When J.C. Penney hired CEO Ron Johnson in 2011 to turn around the retailer, there was hope that simplifying the company's pricing strategy would woo back consumers. J.C. Penney eliminated sales and coupons, offering its customers cheaper everyday prices.
The change led to "quarter after quarter of abysmal sales, repeated barrages of layoffs and a gross lack of customers," according to the Associated Press. Some took this to be a clear sign: Consumers crave big sales and coupons over day-to-day deals.
From Science News:
By not showing marked-down prices, Penney's removed an element that helps shoppers feel rational. Seeing that marked-down price next to a higher original price provides an important yardstick for gauging whether we should buy something.
The original price of a sale item provides what sociologists and marketers refer to as anchoring. It brings a sense of certainty to the uncertain, giving the shopper a wisp of information for evaluating purchases. Since most of us are pretty disconnected from where our products come from and how they are made, we often use price as a major data point when it comes to evaluating whether that sweater, headset or jar of jam is worth buying. We see a $14 shirt, and conclude based on its price that it must be a low-quality garment made in a sweatshop somewhere by overworked, underpaid workers. On the other hand, seeing a red line through the $50 price tag on a shirt that's marked down to $14 indicates to us that the shirt is of high quality and that for $14, it is a steal.
The influence of this anchor price is comforting; it lends an air of rationality to our decision making. But in reality, there's little that's rational about it.
In a Reuters report earlier this year, J.C. Penney spokeswoman Daphne Avila admitted in a statement that the company was returning to a mark-up-to-mark-down strategy:
"While our prices continue to represent a tremendous value every day, we now understand that customers are motivated by promotions and prefer to receive discounts through sales and coupons applied at the register," Avila said.
Under the strategy, an Arizona crewneck T-shirt that had an "everyday" price of $5 now has a $6 price tag to allow Penney more room to offer a markdown and arrive at the same price, the spokeswoman added.
We discuss the psychology of shopping deals and how retailers are using that data to reel in consumers.
LEARN MORE ABOUT THE PSYCHOLOGY BEHIND SHOPPING:
• J.C. Penney to Revise Pricing Methods and Limit Promotions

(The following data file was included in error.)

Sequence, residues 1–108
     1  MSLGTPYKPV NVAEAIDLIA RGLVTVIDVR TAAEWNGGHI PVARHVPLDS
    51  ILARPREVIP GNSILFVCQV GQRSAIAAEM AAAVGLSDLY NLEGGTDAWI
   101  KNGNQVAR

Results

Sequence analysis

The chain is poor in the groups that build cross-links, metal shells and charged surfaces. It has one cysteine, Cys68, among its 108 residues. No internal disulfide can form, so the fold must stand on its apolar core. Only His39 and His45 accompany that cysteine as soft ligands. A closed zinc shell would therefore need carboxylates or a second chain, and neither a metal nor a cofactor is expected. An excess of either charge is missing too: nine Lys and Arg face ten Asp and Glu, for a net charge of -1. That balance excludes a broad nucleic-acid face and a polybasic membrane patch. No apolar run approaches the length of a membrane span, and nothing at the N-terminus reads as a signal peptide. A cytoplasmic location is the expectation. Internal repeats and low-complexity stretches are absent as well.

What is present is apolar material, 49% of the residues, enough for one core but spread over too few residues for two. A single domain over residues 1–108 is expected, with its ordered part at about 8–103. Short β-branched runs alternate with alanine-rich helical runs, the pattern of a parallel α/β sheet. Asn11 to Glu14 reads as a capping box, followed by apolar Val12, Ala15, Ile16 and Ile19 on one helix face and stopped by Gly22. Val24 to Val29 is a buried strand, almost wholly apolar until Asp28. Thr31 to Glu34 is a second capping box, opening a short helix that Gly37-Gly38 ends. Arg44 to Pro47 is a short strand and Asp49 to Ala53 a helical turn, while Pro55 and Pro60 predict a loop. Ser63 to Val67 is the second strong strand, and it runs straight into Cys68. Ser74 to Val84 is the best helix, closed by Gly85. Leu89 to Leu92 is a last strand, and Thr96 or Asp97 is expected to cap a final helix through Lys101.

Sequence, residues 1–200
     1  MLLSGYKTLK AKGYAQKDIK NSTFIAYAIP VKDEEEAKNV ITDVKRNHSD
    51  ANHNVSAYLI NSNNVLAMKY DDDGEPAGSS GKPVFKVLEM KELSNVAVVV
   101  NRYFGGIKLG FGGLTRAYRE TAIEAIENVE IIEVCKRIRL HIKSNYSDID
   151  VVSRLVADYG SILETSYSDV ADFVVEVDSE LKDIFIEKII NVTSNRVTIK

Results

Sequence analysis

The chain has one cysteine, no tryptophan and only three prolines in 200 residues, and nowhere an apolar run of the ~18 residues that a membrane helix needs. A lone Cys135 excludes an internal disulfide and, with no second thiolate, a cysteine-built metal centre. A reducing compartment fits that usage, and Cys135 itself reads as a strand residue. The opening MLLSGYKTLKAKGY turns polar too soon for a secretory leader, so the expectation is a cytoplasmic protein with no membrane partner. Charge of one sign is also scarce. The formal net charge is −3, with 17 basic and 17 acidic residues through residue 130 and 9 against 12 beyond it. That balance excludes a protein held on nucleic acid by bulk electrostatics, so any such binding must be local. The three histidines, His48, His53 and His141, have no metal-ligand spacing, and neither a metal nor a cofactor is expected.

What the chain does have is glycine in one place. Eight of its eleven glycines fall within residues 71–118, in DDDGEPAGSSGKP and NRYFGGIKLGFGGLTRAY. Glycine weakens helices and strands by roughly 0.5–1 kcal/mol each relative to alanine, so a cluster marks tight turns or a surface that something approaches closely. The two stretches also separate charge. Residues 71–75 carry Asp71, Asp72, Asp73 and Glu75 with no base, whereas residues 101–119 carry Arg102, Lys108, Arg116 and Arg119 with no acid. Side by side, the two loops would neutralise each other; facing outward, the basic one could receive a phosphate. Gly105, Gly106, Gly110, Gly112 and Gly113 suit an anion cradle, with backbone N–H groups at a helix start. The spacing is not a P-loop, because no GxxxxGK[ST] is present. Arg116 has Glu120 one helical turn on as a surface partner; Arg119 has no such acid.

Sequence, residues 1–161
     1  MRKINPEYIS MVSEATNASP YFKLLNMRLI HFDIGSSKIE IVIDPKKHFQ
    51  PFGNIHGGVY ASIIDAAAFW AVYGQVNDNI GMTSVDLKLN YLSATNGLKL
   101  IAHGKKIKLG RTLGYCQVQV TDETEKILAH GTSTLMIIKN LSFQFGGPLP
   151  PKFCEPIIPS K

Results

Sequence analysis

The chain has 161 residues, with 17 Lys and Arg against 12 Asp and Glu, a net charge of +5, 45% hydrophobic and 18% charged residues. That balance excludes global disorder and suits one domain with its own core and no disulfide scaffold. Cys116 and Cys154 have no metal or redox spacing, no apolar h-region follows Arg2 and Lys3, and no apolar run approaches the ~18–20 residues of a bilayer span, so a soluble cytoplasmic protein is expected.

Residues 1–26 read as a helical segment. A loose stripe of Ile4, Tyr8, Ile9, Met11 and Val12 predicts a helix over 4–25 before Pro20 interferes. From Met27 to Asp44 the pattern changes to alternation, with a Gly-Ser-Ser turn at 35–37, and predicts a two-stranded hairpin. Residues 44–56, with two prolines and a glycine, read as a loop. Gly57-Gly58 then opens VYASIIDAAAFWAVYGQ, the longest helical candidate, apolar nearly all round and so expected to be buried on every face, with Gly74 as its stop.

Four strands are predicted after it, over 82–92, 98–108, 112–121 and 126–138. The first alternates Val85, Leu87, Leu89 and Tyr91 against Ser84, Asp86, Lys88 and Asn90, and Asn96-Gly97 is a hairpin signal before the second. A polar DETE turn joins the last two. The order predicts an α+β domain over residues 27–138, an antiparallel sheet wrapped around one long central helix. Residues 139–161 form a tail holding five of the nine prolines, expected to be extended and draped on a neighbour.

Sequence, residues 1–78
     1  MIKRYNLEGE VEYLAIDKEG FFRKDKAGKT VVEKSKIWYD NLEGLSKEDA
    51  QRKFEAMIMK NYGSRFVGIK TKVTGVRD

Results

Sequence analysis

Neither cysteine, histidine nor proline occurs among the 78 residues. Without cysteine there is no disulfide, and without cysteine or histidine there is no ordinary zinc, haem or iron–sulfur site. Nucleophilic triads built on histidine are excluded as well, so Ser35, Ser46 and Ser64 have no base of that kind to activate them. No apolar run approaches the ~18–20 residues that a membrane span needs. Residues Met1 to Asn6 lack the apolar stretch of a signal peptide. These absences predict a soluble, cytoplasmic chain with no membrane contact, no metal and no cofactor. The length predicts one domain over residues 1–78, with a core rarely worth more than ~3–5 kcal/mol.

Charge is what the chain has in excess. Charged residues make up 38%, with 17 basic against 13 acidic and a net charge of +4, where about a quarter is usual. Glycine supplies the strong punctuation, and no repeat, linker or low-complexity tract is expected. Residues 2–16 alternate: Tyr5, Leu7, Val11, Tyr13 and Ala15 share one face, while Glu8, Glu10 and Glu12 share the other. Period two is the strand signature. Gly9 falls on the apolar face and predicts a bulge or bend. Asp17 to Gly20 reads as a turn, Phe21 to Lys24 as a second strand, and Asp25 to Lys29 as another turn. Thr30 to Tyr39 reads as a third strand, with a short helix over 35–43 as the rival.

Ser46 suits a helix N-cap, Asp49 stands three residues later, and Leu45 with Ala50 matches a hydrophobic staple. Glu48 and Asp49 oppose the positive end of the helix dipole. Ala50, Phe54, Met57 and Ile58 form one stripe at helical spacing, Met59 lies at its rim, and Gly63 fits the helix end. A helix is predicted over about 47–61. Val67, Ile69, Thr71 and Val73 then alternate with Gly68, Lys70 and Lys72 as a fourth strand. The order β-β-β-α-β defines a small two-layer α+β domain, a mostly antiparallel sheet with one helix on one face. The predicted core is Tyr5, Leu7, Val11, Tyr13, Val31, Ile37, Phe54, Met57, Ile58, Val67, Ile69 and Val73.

From 2002 to 2011, the average cost that Penney paid for an item stayed about the same, from $9 to $10. During that period, though, Penney increased the average price tag to $36 from about $27. Yet even as the price tag rose, customers ended up paying less because of coupons or sales. "Now most things are on 60 percent markdown, and every time we do that, we're discounting Penney's brand," Johnson said. (The New York Times)
• How Emotions Influence What We Buy
"A nationally advertised brand has power in the marketplace because it creates an emotional connection to the consumer. A brand is nothing more than a mental representation of a product in the consumer's mind. If the representation consists only of the product's attributes, features, and other information, there are no emotional links to influence consumer preference and action. The richer the emotional content of a brand's mental representation, the more likely the consumer will be a loyal user." (Psychology Today)
• Decoding the Secret Language of Price Tags
Why do the prices at retailers like Costco and Target usually end in .99, but occasionally feature a quirky 7 or 4 for items in the clearance section? Obsessive shopping experts and store employees have been leaking the "secrets" behind these price-tag code numbers — which can help consumers tell the difference between a so-so sale price and an unheard-of bargain. (Time)
• What Neuroscience Tells Us About Consumer Desire
It's easy for businesses to keep track of what we buy, but harder to figure out why. Enter a nascent field called neuromarketing, which uses the tools of neuroscience to determine why we prefer some products over others. (Harvard Business School)
• Free Slurpees come with a twist: They may cost you
Those 7-Eleven folks sure must be dumb — as foxes. When they handed out 4.5 million Slurpees last July 11, a funny thing happened: Slurpee sales for the day rocketed 38%, says Nancy Smith, vice president of marketing. (USA Today)
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